TCI's don't seem like a bad idea in it of themselves, but if the idea is to create density and mobility then essentially you're going to end up recreating suburbs that look like the examples below.

It's very common in many cities that have the old (and sometimes newer) highway system leading into their downtowns to split into two way roads and traverse the length of the city or downtown area. In most cases the highways simply aligned with roads already existing in the grid. However, the traffic pretty much flows similar to how it would in a TCI.





An extreme example.



I'd imagine that if you made TCIs large enough to build a grid within and around them, then I could see that developing into a dense walkable area. Otherwise, it seems like just aesthetically better looking suburbs.
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Old 01-11-2014, 09:32 AM
 
410 posts, read 388,981 times
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Many suburbs are already low-density and autocentric. Constructing TCI's at major suburban intersection isn't an attempt to transform a suburb into an urban center. However, TCI's would promote greater development (to a point) because of the increased capacity the intersection provides. The TCI is not just aesthetic as it increases capacity and reduce pedestrian crossing distances (the pedestrians who cross the suburban intersection wouldn't have to walk across 9 lanes of traffic anymore).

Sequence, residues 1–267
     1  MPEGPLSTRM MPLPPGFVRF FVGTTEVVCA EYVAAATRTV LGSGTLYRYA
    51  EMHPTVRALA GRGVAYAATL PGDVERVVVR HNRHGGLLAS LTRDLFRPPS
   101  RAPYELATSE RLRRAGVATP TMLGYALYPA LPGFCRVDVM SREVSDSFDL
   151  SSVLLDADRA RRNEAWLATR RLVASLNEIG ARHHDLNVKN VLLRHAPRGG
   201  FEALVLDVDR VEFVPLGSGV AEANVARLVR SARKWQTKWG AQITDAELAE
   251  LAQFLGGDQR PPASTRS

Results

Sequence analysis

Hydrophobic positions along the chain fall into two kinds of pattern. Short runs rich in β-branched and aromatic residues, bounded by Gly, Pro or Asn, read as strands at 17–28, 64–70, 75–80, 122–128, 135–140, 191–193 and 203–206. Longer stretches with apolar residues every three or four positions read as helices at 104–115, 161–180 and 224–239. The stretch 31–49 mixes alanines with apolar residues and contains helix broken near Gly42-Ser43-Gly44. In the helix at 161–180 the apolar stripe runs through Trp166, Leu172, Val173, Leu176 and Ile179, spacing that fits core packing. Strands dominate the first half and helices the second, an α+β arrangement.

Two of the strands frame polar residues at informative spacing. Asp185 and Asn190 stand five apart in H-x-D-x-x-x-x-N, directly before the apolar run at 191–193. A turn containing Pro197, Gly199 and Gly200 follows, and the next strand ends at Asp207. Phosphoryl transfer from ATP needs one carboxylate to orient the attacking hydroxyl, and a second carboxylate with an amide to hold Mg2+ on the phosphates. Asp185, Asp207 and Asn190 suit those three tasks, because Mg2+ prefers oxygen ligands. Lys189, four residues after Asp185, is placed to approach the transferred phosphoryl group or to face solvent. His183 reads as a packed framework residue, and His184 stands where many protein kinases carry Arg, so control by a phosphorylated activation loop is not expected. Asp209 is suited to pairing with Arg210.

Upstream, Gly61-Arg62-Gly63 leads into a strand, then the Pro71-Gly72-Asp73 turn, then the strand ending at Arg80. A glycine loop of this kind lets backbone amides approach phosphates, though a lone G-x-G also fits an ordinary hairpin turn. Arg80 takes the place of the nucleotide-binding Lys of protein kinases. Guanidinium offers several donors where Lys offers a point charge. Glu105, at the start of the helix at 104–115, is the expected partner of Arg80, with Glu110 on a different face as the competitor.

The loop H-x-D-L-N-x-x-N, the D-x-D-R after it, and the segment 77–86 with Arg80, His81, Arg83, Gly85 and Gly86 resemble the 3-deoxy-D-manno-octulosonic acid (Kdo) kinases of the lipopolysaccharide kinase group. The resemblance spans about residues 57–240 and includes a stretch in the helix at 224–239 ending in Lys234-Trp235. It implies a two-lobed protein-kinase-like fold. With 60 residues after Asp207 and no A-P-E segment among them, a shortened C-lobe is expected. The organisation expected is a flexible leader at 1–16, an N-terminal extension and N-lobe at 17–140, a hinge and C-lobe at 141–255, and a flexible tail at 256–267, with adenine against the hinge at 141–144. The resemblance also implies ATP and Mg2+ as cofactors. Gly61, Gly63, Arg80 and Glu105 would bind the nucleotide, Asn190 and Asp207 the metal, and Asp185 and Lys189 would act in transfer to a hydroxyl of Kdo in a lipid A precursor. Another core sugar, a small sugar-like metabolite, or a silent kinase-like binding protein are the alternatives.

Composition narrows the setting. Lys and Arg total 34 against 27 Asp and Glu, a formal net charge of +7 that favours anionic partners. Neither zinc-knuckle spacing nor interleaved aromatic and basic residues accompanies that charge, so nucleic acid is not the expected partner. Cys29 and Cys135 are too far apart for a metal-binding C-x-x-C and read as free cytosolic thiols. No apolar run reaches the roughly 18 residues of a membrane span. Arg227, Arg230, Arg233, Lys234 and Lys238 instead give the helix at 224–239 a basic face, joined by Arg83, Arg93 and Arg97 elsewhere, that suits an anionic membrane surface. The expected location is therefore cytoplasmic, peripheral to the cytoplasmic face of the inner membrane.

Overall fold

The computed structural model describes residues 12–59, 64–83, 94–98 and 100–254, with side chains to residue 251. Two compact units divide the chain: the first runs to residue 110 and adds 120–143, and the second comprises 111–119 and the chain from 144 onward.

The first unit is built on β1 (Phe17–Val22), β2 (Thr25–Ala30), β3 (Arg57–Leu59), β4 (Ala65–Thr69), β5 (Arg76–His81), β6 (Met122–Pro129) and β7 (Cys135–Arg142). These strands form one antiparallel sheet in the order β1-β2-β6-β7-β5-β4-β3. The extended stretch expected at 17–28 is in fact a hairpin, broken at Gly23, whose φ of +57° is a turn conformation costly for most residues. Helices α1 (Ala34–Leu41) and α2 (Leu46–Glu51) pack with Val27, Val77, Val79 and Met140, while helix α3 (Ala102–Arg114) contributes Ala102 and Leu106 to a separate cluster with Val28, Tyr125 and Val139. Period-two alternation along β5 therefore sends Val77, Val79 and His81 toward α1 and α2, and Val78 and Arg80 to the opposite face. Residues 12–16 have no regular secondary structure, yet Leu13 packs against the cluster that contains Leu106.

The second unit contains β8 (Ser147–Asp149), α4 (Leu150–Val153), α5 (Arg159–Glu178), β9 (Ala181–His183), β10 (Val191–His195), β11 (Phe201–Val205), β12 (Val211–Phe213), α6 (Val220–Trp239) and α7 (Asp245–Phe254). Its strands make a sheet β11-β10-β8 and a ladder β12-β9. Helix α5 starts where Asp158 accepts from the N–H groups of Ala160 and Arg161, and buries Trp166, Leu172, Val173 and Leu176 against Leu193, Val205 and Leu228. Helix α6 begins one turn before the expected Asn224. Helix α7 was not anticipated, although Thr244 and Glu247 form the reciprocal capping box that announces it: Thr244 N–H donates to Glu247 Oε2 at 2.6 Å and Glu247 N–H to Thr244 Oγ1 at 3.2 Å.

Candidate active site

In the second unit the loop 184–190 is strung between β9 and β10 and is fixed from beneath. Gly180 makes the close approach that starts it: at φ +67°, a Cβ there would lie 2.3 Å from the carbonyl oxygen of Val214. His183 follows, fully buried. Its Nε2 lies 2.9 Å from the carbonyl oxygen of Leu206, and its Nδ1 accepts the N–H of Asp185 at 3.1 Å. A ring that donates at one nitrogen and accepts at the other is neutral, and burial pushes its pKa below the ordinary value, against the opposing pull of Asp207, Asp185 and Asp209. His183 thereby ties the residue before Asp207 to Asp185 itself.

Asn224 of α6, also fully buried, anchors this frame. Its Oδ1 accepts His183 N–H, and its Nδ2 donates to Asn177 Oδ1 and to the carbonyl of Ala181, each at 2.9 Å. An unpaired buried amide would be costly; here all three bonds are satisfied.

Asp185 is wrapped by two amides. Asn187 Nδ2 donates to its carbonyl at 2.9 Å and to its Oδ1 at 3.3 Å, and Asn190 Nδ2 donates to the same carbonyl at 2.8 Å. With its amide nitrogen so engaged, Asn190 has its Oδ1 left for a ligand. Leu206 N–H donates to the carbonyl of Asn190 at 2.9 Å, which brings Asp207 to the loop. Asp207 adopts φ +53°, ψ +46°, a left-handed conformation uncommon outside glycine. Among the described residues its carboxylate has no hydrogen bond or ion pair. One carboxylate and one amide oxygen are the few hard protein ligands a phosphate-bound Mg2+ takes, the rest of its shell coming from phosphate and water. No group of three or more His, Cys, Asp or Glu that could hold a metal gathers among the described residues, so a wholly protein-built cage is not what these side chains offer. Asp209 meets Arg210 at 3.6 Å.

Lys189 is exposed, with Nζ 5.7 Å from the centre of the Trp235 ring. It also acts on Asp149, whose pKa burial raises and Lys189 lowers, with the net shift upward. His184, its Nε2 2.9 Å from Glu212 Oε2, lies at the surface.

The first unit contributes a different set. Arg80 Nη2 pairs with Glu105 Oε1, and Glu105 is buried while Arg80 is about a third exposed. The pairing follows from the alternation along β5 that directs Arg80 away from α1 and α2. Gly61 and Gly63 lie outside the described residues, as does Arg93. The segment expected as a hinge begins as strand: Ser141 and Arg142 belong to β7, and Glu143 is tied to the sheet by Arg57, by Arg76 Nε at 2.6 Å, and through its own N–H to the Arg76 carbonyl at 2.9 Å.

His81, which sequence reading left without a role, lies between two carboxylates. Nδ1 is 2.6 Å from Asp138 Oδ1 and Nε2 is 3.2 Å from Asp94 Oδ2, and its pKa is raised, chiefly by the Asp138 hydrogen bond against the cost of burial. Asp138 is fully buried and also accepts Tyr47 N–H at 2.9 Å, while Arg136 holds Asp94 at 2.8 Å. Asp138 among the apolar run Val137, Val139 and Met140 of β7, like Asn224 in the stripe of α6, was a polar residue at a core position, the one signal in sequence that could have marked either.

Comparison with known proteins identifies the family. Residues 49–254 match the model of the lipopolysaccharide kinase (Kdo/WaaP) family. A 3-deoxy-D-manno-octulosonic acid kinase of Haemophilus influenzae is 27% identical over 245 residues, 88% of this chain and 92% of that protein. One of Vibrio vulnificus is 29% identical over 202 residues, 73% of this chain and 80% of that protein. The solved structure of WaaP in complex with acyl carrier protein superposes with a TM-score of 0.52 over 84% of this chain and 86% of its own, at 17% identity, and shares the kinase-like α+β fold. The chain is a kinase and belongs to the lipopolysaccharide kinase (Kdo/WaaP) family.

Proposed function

This grid is an attempt to improve on the suburban experience for the cul-de-sac dwellers out there.
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Old 01-11-2014, 11:54 AM
 
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Your Options A and B aren't similar because the total road sizes are different; the Town Center Interchange only totals about half the lanes of the conventional one. And it's chopping up the land into those 5 oddly-shaped not very usable spaces. Option A is a monstrosity, but at least it's compact. If pedestrian access is an issue, pedestrian bridges are a possibility, though since it looks like it's a suburban commercial area, pedestrians are probably few and far between anyway.
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Old 01-12-2014, 12:21 PM
 
410 posts, read 388,981 times
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Quote:
Originally Posted by nybbler View Post